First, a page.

ST. LOUIS, Mo. – The walls that divide Christians felt their foundations shake when students at one of the largest missions conferences joined their voices with hopes to declare unity.
"People tell us Christians can’t meet across denominational boundaries and [racial divisions], but this conference proves them wrong," exclaimed Urbana 2006 host Greg Jao to thousands of students as he opened the general session Saturday.
The Urbana convention, which marked its twenty-first triennial gathering in St. Louis, Mo., garnered over 20,000 students this past week, and some 220,000 students over the course of its sixty-year history. According to Jao, Urbana has witnessed more than 60,000 churches commit to this generation of students and recent graduates.
"This is truly a multicultural, multiethnic experience," said Daryl Black, a worship pastor at Grace Church in St. Louis and also the worship leader of Urbana 2006. Black told the Urbana newspaper that he wanted students to see unity connection beyond music as he performed with a band comprised of multiple ethnic backgrounds.
"We want people to walk away with a sense of Christian community-beyond the borders they have been," he said.
Earnest praises asking for unity filled the hall Saturday, echoing vibes that students would do whatever it takes to end disillusionment and sadness existing within churches.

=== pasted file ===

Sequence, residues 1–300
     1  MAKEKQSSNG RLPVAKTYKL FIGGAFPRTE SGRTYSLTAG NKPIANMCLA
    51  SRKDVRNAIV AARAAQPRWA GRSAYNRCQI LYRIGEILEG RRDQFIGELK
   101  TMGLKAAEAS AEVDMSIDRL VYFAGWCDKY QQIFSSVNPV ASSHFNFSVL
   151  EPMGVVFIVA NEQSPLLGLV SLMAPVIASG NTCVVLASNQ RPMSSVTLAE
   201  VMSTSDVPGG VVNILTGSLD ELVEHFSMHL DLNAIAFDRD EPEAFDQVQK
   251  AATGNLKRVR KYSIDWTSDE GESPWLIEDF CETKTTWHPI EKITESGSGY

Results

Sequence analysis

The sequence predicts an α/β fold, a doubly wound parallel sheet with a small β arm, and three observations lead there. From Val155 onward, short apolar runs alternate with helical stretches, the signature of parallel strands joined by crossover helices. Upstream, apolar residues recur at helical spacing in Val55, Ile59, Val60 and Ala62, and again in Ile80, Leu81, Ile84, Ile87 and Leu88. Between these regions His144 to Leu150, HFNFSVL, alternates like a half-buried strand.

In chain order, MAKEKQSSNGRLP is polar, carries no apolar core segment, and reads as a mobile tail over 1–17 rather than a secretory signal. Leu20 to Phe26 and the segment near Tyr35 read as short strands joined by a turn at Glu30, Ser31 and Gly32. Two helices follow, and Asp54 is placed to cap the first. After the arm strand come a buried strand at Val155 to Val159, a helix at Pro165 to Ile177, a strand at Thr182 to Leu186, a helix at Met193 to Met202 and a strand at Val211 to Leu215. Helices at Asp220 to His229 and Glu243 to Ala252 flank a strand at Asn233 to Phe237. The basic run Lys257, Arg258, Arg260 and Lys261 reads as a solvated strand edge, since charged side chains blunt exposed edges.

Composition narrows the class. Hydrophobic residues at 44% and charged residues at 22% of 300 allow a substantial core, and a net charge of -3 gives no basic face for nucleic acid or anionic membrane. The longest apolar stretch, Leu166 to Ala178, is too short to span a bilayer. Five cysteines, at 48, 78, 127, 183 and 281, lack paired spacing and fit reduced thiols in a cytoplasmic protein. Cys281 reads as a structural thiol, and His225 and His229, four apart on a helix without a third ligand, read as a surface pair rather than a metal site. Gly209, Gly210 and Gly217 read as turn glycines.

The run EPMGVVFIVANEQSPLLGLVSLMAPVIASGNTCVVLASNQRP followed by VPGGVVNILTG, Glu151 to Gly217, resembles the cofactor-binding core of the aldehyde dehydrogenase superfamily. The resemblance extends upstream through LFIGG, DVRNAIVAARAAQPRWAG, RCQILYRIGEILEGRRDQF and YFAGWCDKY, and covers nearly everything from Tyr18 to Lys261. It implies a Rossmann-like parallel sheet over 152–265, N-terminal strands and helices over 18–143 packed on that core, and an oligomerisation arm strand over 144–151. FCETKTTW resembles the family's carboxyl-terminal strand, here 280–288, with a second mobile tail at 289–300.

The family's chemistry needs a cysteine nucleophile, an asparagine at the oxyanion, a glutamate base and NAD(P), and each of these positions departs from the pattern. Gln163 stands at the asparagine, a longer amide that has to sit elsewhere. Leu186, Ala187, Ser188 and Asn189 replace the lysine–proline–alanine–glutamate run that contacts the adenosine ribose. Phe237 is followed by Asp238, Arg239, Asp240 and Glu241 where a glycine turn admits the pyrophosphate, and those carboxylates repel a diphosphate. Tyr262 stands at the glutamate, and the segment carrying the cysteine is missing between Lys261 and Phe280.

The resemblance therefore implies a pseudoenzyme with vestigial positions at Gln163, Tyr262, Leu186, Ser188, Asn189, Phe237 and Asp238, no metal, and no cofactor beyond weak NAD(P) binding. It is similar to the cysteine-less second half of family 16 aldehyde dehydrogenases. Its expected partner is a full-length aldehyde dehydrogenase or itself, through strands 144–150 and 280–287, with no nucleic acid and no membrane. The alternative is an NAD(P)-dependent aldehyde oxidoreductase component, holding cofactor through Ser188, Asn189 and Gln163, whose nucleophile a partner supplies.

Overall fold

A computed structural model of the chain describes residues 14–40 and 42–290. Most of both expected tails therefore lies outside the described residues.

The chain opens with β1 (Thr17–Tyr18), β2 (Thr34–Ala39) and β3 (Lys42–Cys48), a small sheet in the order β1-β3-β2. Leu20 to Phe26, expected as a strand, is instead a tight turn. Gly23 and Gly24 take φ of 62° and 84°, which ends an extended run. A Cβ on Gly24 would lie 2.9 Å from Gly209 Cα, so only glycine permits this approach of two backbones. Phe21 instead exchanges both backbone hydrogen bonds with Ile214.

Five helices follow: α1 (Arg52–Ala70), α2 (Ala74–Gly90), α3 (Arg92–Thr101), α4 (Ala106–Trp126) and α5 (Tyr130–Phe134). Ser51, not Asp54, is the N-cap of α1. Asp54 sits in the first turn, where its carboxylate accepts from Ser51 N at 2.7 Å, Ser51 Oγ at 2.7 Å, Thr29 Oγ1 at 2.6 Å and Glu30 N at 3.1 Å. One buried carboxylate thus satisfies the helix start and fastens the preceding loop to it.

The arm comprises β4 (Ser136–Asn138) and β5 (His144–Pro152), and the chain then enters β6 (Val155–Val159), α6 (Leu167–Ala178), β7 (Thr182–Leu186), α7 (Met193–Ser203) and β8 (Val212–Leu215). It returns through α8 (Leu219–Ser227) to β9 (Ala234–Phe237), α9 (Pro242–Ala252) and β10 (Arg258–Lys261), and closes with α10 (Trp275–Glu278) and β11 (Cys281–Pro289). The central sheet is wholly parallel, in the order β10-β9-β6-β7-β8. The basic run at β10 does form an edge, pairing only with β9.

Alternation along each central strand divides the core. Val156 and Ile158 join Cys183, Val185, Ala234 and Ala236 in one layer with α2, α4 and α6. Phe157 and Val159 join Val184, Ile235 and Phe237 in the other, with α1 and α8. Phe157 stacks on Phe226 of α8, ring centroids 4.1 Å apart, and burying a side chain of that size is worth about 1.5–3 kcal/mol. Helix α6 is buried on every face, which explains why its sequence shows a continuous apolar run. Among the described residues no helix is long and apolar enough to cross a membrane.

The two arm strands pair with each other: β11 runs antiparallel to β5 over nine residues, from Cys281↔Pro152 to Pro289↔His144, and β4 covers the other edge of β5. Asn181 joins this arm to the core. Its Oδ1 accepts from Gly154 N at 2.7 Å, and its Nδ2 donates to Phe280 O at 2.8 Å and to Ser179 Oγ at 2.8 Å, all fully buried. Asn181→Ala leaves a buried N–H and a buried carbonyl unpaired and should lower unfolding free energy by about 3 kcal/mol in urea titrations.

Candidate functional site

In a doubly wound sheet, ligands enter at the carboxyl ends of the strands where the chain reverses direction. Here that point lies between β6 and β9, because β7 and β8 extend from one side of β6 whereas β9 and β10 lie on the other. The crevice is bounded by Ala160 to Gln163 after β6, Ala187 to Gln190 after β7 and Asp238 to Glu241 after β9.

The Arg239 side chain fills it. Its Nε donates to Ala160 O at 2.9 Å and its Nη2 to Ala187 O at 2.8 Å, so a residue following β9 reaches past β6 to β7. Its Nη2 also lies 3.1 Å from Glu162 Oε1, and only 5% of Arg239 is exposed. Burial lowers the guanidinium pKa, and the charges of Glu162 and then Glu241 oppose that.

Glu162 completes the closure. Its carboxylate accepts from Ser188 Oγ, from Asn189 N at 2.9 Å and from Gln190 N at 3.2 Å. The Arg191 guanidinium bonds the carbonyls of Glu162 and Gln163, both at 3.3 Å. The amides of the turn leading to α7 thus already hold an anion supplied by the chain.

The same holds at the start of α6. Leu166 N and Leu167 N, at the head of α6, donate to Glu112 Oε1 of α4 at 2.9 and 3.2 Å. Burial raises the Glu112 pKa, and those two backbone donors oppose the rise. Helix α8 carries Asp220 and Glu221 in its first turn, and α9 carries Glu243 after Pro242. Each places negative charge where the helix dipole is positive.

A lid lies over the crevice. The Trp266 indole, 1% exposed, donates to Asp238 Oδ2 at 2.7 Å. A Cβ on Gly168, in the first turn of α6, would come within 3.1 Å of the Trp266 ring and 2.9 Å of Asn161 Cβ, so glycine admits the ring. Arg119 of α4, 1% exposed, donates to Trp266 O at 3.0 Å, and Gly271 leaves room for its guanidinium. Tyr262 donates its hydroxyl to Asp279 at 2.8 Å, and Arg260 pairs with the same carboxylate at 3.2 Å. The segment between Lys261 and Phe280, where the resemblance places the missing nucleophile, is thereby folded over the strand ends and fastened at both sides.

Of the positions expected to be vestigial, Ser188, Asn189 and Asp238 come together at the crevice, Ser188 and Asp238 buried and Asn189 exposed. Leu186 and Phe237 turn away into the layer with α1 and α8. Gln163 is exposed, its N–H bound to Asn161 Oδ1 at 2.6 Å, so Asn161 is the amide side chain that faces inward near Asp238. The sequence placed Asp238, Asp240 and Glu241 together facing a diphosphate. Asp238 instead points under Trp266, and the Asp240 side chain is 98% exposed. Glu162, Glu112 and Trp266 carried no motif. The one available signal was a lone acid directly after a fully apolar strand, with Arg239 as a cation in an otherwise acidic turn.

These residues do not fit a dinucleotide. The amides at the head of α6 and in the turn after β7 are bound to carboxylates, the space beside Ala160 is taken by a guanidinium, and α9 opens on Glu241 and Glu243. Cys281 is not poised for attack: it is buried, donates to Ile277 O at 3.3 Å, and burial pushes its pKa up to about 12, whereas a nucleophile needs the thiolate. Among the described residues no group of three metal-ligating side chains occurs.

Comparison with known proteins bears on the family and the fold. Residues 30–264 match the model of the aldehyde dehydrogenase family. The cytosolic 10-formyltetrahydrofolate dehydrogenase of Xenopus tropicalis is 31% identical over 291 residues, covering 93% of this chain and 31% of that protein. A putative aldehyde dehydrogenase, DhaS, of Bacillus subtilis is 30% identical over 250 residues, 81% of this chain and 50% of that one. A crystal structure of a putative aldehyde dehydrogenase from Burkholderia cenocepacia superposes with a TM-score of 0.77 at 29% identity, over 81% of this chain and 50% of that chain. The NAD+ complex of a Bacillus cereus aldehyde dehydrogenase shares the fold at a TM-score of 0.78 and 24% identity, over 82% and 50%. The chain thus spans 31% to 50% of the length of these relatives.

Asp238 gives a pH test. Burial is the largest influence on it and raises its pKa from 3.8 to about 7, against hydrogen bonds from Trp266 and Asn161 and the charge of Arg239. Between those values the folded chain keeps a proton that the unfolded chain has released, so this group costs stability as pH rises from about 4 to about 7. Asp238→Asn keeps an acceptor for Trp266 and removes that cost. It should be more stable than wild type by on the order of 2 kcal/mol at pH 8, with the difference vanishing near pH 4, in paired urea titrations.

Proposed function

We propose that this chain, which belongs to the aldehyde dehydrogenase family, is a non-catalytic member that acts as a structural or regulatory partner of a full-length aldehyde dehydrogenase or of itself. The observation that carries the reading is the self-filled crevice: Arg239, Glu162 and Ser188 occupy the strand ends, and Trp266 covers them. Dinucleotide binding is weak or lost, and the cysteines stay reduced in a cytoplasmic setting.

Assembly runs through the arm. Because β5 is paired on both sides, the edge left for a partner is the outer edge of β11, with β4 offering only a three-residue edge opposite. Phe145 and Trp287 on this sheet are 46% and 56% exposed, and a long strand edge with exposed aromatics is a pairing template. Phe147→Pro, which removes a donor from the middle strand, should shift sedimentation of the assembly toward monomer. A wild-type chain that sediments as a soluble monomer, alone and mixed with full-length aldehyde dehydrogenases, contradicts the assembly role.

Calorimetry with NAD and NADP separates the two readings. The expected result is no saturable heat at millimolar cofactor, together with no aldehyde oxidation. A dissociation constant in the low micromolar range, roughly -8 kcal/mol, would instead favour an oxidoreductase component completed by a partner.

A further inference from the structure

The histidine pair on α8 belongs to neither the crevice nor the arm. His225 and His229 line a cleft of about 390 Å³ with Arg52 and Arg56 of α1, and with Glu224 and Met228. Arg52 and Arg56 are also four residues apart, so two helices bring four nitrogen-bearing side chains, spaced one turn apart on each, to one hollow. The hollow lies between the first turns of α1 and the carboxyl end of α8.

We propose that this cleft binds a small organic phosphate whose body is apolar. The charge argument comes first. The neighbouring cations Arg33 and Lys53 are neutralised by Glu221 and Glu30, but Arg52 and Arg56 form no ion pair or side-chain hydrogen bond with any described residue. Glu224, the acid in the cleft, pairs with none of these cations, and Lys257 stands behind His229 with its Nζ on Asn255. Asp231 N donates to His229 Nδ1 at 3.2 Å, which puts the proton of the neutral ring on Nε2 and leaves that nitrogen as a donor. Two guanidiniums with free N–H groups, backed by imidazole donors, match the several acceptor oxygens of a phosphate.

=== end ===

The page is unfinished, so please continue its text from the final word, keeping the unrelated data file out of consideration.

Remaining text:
Ashley Smith, a student rapper, stirred the crowd Saturday night as she showed no reluctance from speaking her mind. "How we seem to drift deeper into religion and further from relation," she rhymed expressing the hostilities that exist among Christians.
"There are a lot of things we are connected to but a lot of people who are older in churches don’t feel connected because they are kind of on their way out of life. They are not looking at trying to establish new changes now," commented Brent Hyden, a college and young singles ministry pastor who is currently working at three different churches affiliated with leading evangelical denominations in San Diego. “I think students have a huge opportunity to stand up for what is right and to love justice and to love mercy and to do what God tells us to do.”
Hyden further commented on the importance of churches having a mixture of older and younger generation for stability and balance. "There needs to be a bridge between this generation and the last generation," he said.
Best selling author Rick Warren of Saddleback Community Church in Lake Forest, Calif., said he has committed his life to this next generation. "I am spending the rest of my life investing in this generation," he told The Christian Post Thursday, saying he had jumped into the chance of reaching out to students when Urbana sent out invitation.
"I’m so proud of you that you’re here when millions of young adults your age are really just living for themselves. It says in your heart you want to do the right thing," commended the megachurch pastor during his speech to students on Saturday.
Encouraging students to bring reformation to world mission, Warren challenged students to engage in missions the way Jesus did it.
Noting the desire for every generation to having a sign – whether it be surfers or hippies – the evangelical pastor formed a "W" with his fingers to the packed stadium, calling them the "reformation generation." He described the sign to signify the full consecration to Christ – "whatever, wherever, whenever" the calling.
"What I was experiencing – not even just at Urbana, but before Urbana – is the truth of the gospel … that the gospel is not limited," said Tamera Peth, 22, a student participant of Urbana 2006. "From what I see, I feel like there will be more and more change as time goes on – a revolution of people standing up for Jesus."